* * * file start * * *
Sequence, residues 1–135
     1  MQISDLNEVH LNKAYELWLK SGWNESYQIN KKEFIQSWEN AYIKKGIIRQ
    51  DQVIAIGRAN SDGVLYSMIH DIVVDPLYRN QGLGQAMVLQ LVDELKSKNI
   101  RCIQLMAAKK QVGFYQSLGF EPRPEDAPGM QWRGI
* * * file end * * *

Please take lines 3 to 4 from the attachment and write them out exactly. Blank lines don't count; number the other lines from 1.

    51  DQVIAIGRAN SDGVLYSMIH DIVVDPLYRN QGLGQAMVLQ LVDELKSKNI
   101  RCIQLMAAKK QVGFYQSLGF EPRPEDAPGM QWRGI